Computer Algebra Systems (CAS) are frequently incorporated in mathematics classes at college level. The way I see it, the goal is two-fold: one, the students are able to visualize mathematical concepts and experiment with them; and two, software such as Mathematica is quite widely used, both in academia and in industry. Knowing how to interact with it and knowing at least some of the capabilities is likely to be useful.
At Towson, all Calculus classes have a Mathematica lab component. The "notebook" files contain examples and exercises. Sometimes, I find it useful to go through the examples as a part of the lecture. A good example is an interactive plot visualizing the concept of the Riemann sum of a function, shown in the snapshot on the left.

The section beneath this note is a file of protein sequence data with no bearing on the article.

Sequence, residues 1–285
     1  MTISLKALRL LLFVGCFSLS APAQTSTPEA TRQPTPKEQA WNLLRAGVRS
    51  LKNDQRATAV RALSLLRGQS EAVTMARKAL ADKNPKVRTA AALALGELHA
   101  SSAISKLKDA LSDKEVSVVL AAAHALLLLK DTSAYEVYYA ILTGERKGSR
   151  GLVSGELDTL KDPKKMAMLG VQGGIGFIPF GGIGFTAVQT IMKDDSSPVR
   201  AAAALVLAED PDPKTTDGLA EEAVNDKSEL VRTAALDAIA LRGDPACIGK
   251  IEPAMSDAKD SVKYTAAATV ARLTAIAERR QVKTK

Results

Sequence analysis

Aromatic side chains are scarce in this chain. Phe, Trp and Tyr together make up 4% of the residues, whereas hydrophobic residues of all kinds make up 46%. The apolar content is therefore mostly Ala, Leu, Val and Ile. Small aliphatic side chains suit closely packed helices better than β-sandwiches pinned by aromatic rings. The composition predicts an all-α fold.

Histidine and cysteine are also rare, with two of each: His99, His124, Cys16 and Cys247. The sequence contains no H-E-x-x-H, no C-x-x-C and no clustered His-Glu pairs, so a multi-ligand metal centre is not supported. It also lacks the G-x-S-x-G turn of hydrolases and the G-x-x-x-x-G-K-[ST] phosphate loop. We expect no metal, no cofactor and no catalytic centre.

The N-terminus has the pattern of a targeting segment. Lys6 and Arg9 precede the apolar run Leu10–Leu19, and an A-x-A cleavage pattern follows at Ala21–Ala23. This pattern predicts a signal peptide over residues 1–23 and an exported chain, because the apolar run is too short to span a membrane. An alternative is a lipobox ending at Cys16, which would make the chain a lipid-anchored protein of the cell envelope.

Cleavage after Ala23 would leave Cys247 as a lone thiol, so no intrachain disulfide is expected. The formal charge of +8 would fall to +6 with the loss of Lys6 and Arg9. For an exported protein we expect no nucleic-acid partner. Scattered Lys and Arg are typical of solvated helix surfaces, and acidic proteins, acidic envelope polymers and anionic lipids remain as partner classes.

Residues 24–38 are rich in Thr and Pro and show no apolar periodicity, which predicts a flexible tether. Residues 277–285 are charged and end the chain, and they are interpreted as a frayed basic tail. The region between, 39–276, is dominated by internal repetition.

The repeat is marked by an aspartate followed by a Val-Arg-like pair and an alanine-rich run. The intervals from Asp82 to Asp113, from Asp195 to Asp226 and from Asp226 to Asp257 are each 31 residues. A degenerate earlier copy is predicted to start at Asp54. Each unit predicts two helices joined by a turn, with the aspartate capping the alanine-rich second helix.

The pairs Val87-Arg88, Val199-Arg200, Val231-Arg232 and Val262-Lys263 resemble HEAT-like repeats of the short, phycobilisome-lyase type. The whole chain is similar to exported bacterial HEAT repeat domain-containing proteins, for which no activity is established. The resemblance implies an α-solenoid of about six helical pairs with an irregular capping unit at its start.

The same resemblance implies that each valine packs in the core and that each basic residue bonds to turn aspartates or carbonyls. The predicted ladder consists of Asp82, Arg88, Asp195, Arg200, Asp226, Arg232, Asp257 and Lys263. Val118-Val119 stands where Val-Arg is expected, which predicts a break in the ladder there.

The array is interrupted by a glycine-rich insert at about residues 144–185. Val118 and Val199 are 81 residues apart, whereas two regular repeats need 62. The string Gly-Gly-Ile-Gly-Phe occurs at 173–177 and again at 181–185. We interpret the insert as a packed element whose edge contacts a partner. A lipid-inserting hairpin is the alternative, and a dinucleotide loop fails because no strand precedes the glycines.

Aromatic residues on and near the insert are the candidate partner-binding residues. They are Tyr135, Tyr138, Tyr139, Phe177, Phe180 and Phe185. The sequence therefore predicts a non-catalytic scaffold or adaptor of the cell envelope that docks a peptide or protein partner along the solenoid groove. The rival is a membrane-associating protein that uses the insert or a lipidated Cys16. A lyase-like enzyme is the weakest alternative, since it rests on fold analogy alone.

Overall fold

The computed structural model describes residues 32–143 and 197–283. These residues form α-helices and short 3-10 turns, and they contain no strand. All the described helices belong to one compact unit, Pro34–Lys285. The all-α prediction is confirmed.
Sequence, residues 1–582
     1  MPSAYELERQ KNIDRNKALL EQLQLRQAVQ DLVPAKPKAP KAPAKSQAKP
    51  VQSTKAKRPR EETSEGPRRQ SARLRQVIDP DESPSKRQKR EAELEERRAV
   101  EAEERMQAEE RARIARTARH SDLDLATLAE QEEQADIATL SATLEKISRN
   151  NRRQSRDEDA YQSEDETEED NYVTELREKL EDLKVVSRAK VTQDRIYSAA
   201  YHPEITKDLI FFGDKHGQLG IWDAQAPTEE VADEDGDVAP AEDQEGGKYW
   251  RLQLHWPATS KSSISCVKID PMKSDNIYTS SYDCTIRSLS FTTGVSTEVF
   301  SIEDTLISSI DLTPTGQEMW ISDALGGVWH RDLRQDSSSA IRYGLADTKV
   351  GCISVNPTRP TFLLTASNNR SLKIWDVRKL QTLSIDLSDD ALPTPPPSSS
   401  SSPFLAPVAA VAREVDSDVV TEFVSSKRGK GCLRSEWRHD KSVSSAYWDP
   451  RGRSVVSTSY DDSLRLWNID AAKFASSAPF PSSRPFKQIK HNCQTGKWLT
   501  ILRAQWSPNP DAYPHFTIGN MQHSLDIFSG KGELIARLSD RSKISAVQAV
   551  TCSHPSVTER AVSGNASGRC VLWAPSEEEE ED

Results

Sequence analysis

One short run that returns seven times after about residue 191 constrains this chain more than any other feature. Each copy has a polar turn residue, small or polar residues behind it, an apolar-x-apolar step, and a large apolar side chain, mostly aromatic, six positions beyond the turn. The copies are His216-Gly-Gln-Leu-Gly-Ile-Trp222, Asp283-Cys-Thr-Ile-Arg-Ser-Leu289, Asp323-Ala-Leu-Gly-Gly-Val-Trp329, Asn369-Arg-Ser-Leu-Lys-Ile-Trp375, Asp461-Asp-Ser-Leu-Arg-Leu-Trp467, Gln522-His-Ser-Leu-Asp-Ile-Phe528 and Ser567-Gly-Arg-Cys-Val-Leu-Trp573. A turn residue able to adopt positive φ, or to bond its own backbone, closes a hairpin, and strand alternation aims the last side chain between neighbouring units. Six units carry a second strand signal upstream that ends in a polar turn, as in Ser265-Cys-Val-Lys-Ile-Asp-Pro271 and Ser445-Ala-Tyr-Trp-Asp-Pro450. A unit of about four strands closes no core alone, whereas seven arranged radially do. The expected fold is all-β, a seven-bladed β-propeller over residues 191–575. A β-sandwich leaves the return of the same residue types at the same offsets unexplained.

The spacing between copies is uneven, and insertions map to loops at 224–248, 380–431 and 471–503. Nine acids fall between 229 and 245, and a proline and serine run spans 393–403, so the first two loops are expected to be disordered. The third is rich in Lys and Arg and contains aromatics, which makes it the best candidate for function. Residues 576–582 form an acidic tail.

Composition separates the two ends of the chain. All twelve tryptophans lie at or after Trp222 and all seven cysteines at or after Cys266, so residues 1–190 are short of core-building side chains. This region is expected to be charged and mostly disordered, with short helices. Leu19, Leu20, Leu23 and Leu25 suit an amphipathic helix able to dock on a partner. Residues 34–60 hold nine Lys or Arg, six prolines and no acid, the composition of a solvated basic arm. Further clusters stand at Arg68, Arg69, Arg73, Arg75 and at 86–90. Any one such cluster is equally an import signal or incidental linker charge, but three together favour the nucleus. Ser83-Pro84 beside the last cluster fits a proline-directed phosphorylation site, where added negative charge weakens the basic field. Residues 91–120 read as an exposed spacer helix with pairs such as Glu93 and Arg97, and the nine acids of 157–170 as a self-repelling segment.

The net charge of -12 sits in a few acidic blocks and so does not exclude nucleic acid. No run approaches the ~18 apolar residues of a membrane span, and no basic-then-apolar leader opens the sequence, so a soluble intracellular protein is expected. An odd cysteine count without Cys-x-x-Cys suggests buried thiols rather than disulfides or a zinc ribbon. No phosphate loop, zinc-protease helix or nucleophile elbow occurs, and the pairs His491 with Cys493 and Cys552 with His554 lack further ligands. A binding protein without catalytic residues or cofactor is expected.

The labs include brief summary of mathematical notions that are discussed, examples, and exercises that the students do on their own (with some help, obviously). For example, here are some excerpts from the lab on limits (hover over the image to see a larger version).
The main challenge (for me, at least) is to pick the right level of difficulty. If the lab exercises are "recipe-based", then they simply turn into the "busy work" for the students without much benefit. At the same time, when students struggle too much with syntax, coding, etc., it tends to distract them from the main goals of the course. A solution that works for me (more often than not) is to have exercises that are simple to execute in Mathematica (by running already written routines), but that ask the students to analyse and explain the information obtained from those routines.
I would be happy to share more information about the labs, please do not hesitate to contact me.